6. Das Park Hotel, Austria: a hotel where rooms are made of concrete pipes

Top 10 Craziest Hotels in the World

A hotel with rooms made of giant concrete sewage pipes might sound a little odd, but this artistic creation can be recreated to provide cheap lodging anywhere. These 9,5 tonne concrete sections are a standard item in near all concrete factories and the oden floors, a really comfortable double bed, minibar and room service through to 1am. For night owls, the reception is open 24hrs. With the amazing view below there is little else needed, except if you’re staying in bed past 10am, when pajamas would be a wise thing to wear, as although you can look out – tourists can look in

7. The De Vrouwe van Stavoren Hotel, Netherlands: a hotel made from recycled wine barrels

Top 10 Craziest Hotels in the World

The De Vrouwe van Stavoren Hotel in the Netherlands salvaged four wine casks from Switzerland and converted them into rooms. Formerly filled with 14,500 liters of Beaujolais wine from the French chateau, each now holds a modest two-person room with standard amenities and even an attached bathroom and a sitting room.

The one thing that might bother you, if you’re not a wine enthusiast, is the smell of wine that the barrels still maintain. All in all the Barrel Hotel, in Stavoren, northern Netherlands, makes for a very pleasurable experience. General rates for a cask room are from 74-119 Euros a night with discounts of up to 75% off depending on season. If you go in the wintertime, a wine cask room can be as low as 18 Euros a night, cheaper than most hostels.

8. Giraffe Manor, Kenya: a hotel where you dine with a friendly giraffe

Top 10 Craziest Hotels in the World

This small and exclusive hotel — surrounded by 140 acres of indigenous forest just outside Nairobi — is famous for its resident herd of giraffe. It’s the only place in the world where you can enjoy the experience of feeding and photographing the giraffe over the breakfast table, at the front door or while you dine, and the giraffes poke their heads through the window.

As well as the giraffe, the property is also home to many species of birds, large families of warthogs and the elusive Bush Buck.

9. Hotel Im Wasserturm, Germany: a hotel inside a water tower

Top 10 Craziest Hotels in the World

Rising high above Cologne, this international luxury hotel was once the largest water tower in 19th century Europe. In 1990, French designer Andrée Putman transformed it into an elegant 78-room hotel.

Classified as a heritage site, the timeless modern design still manages to preserve the water-tower architecture and a sense of refuge and protection.

10. Jumbo Hostel (Stockholm): World’s First Aircraft Inn

Top 10 Craziest Hotels in the World

Stockholm is the house of this wacky hotel, the first aircraft inn. An abandoned Boeing 747 jumbo jet has been saved from being trashed metal to become a 25-room hotel sited in Stockholm-Arlanda airport. Each room is bare 65 square ft big and furnished with bunk beds, overhead luggage storage and flat-screen TVs. There is a reception area and a cafe with toilets and showers at the rear of the aircraft, which means that you will have to share! The upper deck is a conference room and the best of all, the cockpit, is where the wedding suite is housed. Not a very comfy hotel I would think, but staying there just to get a feel of it might be cool.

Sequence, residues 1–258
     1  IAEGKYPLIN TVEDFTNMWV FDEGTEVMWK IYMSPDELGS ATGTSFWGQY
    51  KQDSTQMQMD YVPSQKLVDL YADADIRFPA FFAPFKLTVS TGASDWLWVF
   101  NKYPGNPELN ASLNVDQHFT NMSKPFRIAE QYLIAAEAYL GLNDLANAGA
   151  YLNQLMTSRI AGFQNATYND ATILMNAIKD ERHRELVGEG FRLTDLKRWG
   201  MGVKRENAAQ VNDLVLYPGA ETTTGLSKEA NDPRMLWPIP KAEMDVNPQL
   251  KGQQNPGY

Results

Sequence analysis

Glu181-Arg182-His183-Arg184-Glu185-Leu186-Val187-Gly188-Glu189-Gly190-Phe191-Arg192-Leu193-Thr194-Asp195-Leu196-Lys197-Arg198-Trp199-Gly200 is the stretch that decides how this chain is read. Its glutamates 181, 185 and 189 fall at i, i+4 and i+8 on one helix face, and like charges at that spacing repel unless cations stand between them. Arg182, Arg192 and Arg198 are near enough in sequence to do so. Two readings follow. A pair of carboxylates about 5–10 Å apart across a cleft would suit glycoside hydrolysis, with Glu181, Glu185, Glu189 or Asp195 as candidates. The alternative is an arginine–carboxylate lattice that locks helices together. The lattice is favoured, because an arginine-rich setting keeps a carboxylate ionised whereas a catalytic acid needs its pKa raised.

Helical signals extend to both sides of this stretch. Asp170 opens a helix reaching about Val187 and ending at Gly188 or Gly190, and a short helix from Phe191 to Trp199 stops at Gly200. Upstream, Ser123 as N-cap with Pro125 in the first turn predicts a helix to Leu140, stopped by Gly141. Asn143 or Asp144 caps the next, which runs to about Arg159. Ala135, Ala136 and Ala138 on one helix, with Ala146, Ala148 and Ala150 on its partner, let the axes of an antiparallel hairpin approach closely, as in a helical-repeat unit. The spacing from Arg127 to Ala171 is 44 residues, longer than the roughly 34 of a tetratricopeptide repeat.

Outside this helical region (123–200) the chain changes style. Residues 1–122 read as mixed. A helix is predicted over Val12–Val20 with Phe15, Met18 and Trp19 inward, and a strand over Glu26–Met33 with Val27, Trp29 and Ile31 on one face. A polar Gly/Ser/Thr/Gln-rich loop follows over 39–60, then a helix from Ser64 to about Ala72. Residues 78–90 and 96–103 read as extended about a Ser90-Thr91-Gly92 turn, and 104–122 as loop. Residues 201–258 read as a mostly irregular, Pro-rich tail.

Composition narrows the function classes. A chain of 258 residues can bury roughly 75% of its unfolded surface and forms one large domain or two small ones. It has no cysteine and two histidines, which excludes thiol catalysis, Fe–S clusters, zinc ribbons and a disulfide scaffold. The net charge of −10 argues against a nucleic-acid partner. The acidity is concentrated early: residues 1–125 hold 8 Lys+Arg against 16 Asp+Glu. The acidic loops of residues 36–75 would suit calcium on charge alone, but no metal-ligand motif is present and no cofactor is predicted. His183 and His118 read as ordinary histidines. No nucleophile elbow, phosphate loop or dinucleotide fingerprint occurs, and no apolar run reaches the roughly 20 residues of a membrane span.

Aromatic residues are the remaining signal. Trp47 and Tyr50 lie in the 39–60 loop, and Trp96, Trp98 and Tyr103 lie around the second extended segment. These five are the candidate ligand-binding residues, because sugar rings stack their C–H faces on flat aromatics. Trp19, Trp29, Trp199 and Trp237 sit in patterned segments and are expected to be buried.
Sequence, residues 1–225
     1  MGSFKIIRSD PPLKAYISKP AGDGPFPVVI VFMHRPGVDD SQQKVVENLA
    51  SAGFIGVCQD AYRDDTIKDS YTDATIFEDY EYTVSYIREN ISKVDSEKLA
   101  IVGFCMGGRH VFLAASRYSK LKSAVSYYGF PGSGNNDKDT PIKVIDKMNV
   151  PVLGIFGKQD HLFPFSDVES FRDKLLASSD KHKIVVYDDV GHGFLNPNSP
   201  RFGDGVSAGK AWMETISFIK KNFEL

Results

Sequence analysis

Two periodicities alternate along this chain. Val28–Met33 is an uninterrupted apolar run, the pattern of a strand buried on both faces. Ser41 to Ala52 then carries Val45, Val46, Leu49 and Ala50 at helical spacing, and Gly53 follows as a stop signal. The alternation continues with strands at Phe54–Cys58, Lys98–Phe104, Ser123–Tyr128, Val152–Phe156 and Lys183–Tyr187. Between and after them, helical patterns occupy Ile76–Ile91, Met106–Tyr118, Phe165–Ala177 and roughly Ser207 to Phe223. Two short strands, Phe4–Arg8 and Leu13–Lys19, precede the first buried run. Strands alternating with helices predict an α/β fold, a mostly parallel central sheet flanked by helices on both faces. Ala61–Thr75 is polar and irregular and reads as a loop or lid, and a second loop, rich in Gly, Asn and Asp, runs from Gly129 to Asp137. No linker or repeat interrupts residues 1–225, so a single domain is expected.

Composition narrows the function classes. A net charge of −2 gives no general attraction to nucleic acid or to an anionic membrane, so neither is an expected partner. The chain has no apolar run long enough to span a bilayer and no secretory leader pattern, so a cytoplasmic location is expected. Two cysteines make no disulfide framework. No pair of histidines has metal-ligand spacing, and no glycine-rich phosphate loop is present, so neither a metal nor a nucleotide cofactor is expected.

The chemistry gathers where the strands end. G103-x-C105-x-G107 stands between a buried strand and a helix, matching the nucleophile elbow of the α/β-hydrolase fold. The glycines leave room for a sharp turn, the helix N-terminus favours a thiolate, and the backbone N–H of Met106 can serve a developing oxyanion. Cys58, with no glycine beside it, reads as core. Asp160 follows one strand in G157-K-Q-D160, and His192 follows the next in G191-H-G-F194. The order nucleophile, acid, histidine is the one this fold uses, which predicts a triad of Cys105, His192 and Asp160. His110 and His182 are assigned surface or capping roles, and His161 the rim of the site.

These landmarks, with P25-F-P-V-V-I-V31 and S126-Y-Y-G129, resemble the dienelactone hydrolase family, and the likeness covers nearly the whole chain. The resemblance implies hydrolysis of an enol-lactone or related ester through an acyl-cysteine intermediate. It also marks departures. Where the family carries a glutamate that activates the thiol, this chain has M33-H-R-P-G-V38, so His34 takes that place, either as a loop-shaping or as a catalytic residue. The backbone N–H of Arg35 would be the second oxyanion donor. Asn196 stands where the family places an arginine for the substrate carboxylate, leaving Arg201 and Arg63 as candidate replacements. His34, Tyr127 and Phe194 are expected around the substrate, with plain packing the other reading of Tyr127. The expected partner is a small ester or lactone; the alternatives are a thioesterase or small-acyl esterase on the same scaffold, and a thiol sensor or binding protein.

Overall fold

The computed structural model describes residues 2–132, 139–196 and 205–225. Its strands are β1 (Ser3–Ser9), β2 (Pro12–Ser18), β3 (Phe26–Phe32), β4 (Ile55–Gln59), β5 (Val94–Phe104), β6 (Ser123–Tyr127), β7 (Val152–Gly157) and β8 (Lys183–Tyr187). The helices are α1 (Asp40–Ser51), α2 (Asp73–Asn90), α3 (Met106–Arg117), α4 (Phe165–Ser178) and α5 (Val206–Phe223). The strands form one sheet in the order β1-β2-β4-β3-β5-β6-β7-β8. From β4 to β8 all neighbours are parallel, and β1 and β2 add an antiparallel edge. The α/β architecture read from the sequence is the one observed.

ART+COMMERCE= INTERNATIONAL CURRENCY ORGAMI

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DOLLAR BILL ORGAMI:

Most people just spend their money. Others turn it into
art…

Origami Dollar Bills

Origami Money Shirt With Tie

Dollar Bill Dresses by you.

Dollar Dude

abraham lincoln united states five dollar bill moneygami.jpg

Origami Rhino

Origami Rooster

Hang Glider

Creative Dollar Bill Origami 2

Creative Dollar Bill Origami 3

Creative Dollar Bill Origami 4

Creative Dollar Bill Origami 5

Creative Dollar Bill Origami 6

Rirkrit Tiravanija’s Relational Aesthetics

Rirkrit Tiravanija is a Buenos Aires-born Thai contemporary artist
known for exploring the social role of the artist using relational
aesthetics. He is most famous for installation art pieces where he
cookes meals for gallery-goers, reads to them, or plays music for them.
Rirkrit’s treatment of money, above, is a perfect example of this
examination of human beings in their social context rather than in a private space.

While the core concept is incredibly simple, the results are nothing
short of amazing. Each of the pieces is formed by folding currency
from a different country in such a way that the resulting miniature
emphases the face of the leader on the note. Not only that, but each of
the faces is given a unique hat or garb, representing the culture of the
currencies’ country of origin.

In a concept similar to the one shown above, this set incorporates
the cultural heritage of each country into the note buy cutting it out
in the shape of one of the countries’ popular skylines. Often with faces
projected onto the skylines, the final pieces are beautiful works of
art, immediately identifiable by the precise cutting of the skylines.

Money Sculptures by Justine Smith

Justine Smith’s work is noted for here exploration of our
relationships with, and responses to money, in political, moral, and
social settings. On the one hand we have guns and grenades, representing
the money used to fund wars and cause bloodshed around the
world, and on the other, are intricate and beautiful flowers
representing everything just and sacred.